OMG! Did we really eat that amount of food in that short a period of time? And, is there really that much left over? I would include the menu Penelope prepared (along with splendid contributions from Nick and Lucy) but it would take up far too much space. Let’s just say we had turkey, ham and barbequed pesto-salmon along with a huge quantity of vegetables and stuffing along with a choice of desserts. Penelope catered for about fifty-three and there were, in fact, only six of us (not including Annabelle) so what happened to the other forty-six people she was expecting I do not know.
I had been thinking I should do a spreadsheet or something to calculate the ratio of preparation time against eating time. Certainly the preparations were spread over several days (especially if one includes shopping time which I suppose one must) and the eating was accomplished in an hour or so. There are other factors to take into consideration, of course. Dessert (of which there were a mere four varieties present) was postponed for many of us until the following day and the left-overs will probably keep us going until Easter. So, I guess it’s not such a bad ratio after all.
Christmas itself was lovely and leisurely. Nick, Lucy and Annabelle had Christmas morning at their place and then came across to us in the late morning by which time we had managed to get through our daily chores and were more or less ready to enjoy ourselves. After the several minutes I had spent Christmas shopping on line, it was a relief to have one’s gifts appreciated by the recipients (or at least they gave a very convincing impression of being appreciative) and, as for those I received, who could complain about six pairs of new underpants!
I had thought while I was scouring the web searching for inspiration (Google only has 270 million sites offering “inspired Christmas gifts”) that what I really needed was a personal shopper. I now realise, however, that there is something much better than a personal shopper – a personal present unwrapper, a role Annabelle fulfilled with precision and dexterity. As well as finding the wrapping paper considerably more interesting than most of the contents, she also found the boxes very interesting, particularly if they were large enough to climb into.
In short, a splendid day full of fun and cheer and I probably only gained about 20 pounds.
I did promise a short “review” of the play we went to see on my birthday last week, A Chorus of Disapproval which was good fun. I have to confess, about half way through the first half I was thinking to myself that it was a bit disappointing – it should have been funnier than it was. However, it did pick up in the second half and I think we all went away feeling that we had been successfully entertained.
I can’t do better than to quote any of the many reviews out there so here is the Telegraph’s take:
Rob Brydon, making his West End debut, is tremendous in this revival of Alan Ayckbourn’s Eighties comedy. He gives a beautifully judged performance as the overbearing yet insecure director of a provincial “light operatic society”.
The play opens as the last night of the society’s take on The Beggar’s Opera is drawing to a close. Despite being a success, their account of John Gay’s gritty satire seems to have provoked a lot of ill feeling, and over the course of the play we move back in time and come to understand exactly why.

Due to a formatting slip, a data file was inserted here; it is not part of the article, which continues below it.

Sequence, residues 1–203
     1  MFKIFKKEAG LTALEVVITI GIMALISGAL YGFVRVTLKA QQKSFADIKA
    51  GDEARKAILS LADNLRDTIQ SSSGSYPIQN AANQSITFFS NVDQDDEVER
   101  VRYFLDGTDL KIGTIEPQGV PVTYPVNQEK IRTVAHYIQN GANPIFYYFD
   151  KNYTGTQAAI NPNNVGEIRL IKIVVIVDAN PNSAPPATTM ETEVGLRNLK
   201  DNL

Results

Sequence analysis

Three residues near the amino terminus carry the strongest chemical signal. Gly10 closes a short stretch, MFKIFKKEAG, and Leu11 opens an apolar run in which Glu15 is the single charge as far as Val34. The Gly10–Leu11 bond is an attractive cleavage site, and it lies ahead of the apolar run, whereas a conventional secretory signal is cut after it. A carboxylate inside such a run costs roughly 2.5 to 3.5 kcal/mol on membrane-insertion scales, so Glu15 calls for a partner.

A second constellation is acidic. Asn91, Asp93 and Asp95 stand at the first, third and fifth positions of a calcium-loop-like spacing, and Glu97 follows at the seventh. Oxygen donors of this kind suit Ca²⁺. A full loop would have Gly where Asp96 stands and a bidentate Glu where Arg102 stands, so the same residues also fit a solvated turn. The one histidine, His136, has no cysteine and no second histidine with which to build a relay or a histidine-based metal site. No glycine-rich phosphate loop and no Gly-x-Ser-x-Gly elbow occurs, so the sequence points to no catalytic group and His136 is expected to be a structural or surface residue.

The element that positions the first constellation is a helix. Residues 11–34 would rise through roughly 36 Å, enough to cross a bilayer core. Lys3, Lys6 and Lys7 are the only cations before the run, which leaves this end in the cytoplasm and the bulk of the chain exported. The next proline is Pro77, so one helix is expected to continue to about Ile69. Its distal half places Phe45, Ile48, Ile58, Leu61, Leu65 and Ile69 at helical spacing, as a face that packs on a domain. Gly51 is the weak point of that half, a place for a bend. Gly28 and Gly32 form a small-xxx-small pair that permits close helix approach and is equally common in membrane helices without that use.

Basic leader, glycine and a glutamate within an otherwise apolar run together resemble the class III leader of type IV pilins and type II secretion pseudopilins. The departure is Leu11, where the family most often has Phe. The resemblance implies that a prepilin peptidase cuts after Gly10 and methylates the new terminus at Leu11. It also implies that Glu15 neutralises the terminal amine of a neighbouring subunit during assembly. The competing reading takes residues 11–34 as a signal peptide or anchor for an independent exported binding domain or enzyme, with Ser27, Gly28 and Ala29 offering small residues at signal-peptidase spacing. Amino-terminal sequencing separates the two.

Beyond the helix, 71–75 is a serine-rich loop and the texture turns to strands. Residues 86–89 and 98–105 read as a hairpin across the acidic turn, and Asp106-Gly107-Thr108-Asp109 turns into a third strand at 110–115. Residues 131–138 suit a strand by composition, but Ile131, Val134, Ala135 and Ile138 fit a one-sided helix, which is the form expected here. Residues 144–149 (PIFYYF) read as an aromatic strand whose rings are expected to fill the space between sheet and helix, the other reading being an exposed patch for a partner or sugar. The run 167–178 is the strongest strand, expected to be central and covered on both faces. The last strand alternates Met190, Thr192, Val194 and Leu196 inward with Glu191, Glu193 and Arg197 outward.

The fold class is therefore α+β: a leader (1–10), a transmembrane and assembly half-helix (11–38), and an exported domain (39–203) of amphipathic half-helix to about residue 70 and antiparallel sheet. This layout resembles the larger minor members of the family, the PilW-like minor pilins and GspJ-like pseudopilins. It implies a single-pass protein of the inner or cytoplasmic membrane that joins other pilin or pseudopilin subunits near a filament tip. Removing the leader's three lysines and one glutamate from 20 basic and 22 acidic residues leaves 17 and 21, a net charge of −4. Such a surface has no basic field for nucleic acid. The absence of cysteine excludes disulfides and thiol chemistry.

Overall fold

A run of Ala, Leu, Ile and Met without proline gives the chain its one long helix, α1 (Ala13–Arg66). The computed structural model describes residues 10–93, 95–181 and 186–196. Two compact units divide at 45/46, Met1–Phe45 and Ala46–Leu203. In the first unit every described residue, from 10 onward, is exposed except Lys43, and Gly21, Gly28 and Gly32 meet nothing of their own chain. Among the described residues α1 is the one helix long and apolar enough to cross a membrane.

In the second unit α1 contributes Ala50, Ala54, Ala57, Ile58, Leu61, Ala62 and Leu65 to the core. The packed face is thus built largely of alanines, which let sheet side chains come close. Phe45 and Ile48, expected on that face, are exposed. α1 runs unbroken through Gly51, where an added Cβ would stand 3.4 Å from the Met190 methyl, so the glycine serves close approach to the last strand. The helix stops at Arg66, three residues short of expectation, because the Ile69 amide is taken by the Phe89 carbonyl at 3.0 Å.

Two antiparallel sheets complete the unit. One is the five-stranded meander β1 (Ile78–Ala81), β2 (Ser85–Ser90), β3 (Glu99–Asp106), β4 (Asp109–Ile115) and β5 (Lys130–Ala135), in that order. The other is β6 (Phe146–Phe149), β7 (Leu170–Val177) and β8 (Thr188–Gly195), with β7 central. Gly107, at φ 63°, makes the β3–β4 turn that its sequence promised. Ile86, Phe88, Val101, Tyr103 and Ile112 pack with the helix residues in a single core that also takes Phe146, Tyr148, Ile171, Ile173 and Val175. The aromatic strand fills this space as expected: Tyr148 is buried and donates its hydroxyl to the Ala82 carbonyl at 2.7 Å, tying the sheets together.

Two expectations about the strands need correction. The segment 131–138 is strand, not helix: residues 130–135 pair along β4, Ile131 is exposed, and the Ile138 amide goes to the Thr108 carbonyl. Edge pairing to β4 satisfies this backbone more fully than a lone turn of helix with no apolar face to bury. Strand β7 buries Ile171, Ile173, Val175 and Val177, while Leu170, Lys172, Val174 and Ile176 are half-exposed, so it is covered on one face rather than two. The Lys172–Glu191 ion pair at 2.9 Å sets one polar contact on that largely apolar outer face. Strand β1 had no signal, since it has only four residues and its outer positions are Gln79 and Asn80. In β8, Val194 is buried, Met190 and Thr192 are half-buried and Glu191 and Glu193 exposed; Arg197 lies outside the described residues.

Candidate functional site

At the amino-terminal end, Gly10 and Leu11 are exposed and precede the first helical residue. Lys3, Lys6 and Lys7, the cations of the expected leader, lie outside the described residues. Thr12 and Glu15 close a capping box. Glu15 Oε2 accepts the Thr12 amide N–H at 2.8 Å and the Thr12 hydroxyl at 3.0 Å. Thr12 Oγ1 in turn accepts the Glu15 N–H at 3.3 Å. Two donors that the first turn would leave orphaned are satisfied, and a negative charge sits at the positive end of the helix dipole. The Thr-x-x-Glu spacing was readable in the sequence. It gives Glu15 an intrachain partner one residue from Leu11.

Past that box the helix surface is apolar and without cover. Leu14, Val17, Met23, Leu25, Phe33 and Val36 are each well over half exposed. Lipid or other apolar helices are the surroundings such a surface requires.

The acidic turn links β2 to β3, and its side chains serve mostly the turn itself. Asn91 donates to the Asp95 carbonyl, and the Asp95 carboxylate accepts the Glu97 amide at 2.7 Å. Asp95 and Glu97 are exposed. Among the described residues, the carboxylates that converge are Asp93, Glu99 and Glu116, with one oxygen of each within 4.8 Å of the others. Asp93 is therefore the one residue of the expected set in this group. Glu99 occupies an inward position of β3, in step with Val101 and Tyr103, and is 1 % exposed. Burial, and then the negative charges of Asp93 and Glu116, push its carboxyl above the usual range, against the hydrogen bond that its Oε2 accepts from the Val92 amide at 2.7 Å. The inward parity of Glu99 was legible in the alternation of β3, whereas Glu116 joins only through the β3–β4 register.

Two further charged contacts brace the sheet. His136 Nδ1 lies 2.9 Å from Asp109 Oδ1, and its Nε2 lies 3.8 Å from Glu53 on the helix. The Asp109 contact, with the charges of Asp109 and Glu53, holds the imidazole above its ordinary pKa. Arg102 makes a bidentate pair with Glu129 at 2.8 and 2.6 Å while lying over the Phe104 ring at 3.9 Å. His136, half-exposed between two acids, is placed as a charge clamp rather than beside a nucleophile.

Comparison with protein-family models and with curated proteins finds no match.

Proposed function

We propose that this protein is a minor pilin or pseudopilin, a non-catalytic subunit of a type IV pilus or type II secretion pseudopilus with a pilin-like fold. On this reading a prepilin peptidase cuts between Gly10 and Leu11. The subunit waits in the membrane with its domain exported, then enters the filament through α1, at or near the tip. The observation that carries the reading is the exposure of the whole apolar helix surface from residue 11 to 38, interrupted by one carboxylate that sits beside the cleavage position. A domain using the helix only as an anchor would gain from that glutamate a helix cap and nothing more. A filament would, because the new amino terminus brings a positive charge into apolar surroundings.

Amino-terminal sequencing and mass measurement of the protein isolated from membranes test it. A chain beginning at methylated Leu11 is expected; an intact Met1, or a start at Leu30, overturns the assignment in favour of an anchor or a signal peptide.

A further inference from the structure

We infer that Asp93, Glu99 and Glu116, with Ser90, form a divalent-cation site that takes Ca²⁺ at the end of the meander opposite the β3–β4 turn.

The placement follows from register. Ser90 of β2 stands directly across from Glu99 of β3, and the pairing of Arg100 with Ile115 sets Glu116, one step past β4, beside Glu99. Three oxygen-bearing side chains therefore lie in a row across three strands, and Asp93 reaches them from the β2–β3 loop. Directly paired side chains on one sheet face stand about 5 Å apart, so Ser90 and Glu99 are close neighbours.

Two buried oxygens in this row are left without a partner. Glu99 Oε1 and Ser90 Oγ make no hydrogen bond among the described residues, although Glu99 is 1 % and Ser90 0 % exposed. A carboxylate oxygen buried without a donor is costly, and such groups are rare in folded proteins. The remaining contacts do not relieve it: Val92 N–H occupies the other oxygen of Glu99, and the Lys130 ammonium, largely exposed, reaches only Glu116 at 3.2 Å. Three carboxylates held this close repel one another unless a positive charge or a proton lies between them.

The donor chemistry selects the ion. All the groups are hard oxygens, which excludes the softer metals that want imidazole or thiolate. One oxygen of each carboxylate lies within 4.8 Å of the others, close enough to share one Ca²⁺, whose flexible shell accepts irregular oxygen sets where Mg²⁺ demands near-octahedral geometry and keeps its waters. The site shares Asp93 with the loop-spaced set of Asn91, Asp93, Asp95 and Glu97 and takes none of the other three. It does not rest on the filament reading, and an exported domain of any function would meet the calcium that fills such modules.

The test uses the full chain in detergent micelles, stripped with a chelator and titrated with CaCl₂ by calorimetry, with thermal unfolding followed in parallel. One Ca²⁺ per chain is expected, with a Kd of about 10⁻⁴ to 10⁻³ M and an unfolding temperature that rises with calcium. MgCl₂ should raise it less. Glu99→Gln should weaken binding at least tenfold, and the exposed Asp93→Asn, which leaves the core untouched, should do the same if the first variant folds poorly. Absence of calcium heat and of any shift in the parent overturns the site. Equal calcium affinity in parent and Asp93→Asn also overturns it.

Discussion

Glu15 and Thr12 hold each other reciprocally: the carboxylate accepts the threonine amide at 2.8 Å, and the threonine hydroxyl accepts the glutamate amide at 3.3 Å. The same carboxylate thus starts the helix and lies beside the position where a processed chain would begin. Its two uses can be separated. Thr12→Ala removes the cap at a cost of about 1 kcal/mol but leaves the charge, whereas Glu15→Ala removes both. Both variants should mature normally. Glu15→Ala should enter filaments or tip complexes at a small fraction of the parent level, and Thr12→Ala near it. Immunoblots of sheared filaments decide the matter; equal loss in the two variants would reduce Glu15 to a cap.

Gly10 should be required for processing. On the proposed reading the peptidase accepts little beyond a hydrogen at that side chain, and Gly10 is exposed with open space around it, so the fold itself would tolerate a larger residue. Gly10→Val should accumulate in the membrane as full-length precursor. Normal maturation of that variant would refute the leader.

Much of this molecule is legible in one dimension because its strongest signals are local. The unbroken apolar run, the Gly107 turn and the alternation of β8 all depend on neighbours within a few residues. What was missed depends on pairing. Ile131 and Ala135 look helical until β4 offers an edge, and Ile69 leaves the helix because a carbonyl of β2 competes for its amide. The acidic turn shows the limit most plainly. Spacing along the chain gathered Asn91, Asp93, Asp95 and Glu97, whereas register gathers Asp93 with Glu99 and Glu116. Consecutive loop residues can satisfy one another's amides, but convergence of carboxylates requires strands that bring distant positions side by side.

The pivotal figure is Nigel Harman’s Guy Jones. A naïve widower with a tendency to hop around awkwardly, he has stumbled into the apparently poisonous world of am-dram. At first he is awarded a small part by local solicitor and theatrical bigwig Dafydd (Brydon). But as others falter Guy rises. He also becomes entangled in the affairs — both romantic and commercial — of several members of the cast. The results are at best delightful. While Brydon combines fine comic timing with a sure sense of Dafydd’s vulnerabilities, Harman conveys Guy’s development from a haplessly timid newcomer into a leading man who proves capable of causing mayhem.
Daisy Beaumont impresses as a fierce seductress, and Ashley Jensen as Dafydd’s wife is her exact opposite, a woman who has been taught to think she is not attractive yet discovers that she can be. There’s neat support from Georgia Brown, Rob Compton and Paul Thornley, as well as an excellent design by Robert Jones.
Still, this isn’t quite the riotous comedy that’s advertised. Instead it is a nicely observed picture of the frustrations of a mostly dowdy kind of Eighties middle-class existence. There are moments that feel bleak and toe-curling. That’s as it should be, but at times a certain zip and energy are missing.
Trevor Nunn’s production needs to become more taut and vigorous. That’s likely to happen as the run continues. As it is, A Chorus of Disapproval feels like a less artful, less uproarious version of Michael Frayn’s classic Noises Off. It’s safe and solid; the laughs don’t flow as freely as they could.
A couple of snippets caught my eye this week. The first, from the BBC, some of the key events of 2012 presented in 201.2 seconds. I have to say, these are largely UK-centric so some of our “foreign” readers may not get all the references but it’s still quite good.
The second, from the Guardian, is a short series from a number of correspondents on the Worst Ideas of 2012 including such gems as the Onesie, Gourmet Junk Food, sending George Osborne to present medals at the Paralympics so that 80,000 people could greet the announcement of his name with prolonged boos and Republicans thinking out loud.
All that remains is for me (well, all of us really) to wish all of you a very Happy New Year.
Love to you all,